The secret to stealing a high-tech car

Encrypted rolling codes are supposed to prevent a vehicle being started without the correct key.
SUPPLIED

Encrypted rolling codes are supposed to prevent a vehicle being started without the correct key.

The theft of a high-performance Jaguar from an Auckland dealership has thrown the spotlight on the effectiveness of high-tech car security systems.

A Jaguar XFR was stolen from Beacham Independent Jaguar and Range Rover in Penrose, Auckland, by a man who was seemingly able to unlock the car and drive it away without the key. The man was identified walking past the dealership earlier in the day by CCTV footage.

How could he do that? Modern cars have sophisticated immobiliser systems that use rolling codes every time you lock the car. Hotwiring is largely a thing of the past, as an immobiliser locks out the engine's electronics unless it receives the correct code.

There's no such thing as a set code, either. Every time the car is locked, the keyfob and engine management computer create a new rolling "handshake" together. There are literally billions of combinations to choose from every single time. It's virtually impossible for a would-be thief to grab the code as the vehicle is locked, because it's created by an algorithm, stored in the car rather than the keyfob and activated only at very close range.

But a thief with the right equipment can crack the algorithm, especially if it's not complex enough to keep up with attacks from the very latest mobile devices. Remember - cars leave the factory with certain level of security that is very difficult to upgrade as time goes on. And technology moves very fast indeed.

A number of researchers identified weaknesses in the security systems used by carmakers as far back as 2009, when there was a marked rise in vehicle thefts in Europe after 16 years of decline. It's all to do with the level of encryption being used. While 128-bit encryption is regarded as a minimum for online transactions, it was revealed that many carmakers were still using 40 or 48-bit protocols.

With the right equipment, any car can be stolen, as was seen with this Jaguar XFR at an Auckland dealership.
SUPPLIED

With the right equipment, any car can be stolen, as was seen with this Jaguar XFR at an Auckland dealership.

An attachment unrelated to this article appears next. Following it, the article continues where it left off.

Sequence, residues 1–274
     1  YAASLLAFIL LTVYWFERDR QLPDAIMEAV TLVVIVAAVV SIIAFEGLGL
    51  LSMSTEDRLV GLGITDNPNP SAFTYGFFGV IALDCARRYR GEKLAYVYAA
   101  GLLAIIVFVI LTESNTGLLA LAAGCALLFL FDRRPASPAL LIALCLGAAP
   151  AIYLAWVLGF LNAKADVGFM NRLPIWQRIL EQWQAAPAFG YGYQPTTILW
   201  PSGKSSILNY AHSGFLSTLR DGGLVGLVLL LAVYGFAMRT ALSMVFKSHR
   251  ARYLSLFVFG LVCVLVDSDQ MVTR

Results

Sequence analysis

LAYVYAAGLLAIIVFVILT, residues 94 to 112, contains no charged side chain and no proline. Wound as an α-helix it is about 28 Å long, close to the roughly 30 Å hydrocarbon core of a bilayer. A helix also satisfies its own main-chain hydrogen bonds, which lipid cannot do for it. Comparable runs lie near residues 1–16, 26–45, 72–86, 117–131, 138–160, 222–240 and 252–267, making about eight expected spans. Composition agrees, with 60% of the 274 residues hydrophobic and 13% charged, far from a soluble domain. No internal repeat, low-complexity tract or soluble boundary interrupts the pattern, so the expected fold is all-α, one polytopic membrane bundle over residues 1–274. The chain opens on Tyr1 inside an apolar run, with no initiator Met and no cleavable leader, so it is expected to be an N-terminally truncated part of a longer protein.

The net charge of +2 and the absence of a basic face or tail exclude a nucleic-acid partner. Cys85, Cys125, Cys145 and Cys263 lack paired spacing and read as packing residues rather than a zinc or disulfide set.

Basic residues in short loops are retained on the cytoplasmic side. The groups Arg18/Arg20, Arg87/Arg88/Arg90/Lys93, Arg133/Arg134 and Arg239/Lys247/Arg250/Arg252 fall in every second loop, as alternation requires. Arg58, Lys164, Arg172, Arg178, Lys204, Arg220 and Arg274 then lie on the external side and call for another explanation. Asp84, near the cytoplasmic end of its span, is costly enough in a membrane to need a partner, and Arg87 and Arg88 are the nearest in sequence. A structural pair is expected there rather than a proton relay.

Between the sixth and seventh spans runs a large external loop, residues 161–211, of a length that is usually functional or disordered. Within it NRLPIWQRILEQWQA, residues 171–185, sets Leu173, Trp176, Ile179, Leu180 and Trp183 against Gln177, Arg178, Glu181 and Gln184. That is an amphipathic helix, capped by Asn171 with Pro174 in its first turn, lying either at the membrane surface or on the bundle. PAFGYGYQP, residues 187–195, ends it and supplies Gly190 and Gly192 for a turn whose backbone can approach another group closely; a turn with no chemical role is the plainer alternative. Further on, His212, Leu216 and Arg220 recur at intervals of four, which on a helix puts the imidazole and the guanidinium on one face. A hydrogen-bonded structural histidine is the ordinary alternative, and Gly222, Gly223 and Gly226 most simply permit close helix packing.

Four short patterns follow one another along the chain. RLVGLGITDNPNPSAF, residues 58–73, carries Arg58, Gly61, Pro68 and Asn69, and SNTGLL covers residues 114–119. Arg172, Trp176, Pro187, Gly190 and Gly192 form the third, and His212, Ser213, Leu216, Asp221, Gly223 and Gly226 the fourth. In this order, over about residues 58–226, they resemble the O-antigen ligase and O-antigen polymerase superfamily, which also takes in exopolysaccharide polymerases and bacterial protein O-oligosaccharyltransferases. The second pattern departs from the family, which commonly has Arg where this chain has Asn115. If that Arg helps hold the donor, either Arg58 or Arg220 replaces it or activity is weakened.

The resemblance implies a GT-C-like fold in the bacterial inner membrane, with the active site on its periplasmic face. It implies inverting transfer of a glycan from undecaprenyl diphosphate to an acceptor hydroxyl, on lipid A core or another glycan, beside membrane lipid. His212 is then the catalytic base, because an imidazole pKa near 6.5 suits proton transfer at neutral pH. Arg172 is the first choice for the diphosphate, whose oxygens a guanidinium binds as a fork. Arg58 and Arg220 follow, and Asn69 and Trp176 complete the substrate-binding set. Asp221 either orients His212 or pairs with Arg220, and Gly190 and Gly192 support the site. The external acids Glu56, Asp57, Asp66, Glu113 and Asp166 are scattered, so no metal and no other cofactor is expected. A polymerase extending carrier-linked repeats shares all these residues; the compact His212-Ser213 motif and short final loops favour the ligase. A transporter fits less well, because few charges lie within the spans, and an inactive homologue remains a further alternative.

The car stolen in Auckland belonged to a parallel import dealership. Jaguar New Zealand has declined to comment on the theft or specifics of XFR security technology, but it's unlikely to be an issue specific to the brand. Security system and immobiliser technology is outsourced by carmakers and the same core systems are used by many brands, both mainstream and premium.

A group of security researchers from Radboud University in The Netherlands investigated car-security encryption systems on 26 different carmakers two years ago and found many were vulnerable to attack. Intercepting locking codes a few times gave valuable hints about the level of encryption and allowed the researchers to crack some codes within a few minutes using only a laptop.

The findings were published in a paper entitled Dismantling Megamos Crypto: Wirelessly Lockpicking a Vehicle Immobiliser. The publication was blocked by legal action from Volkswagen and French defence group Thales, but the restriction was lifted this year.

This type of theft is still rare in New Zealand because it's difficult to dispose of a high-profile luxury car in a small country.

In Europe, it's much more common, as vehicles can be secretly exported and either stripped down, or given new identities. It's estimated that over 6000 luxury vehicles are stolen in London using keyless devices every year.

 
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 - Stuff

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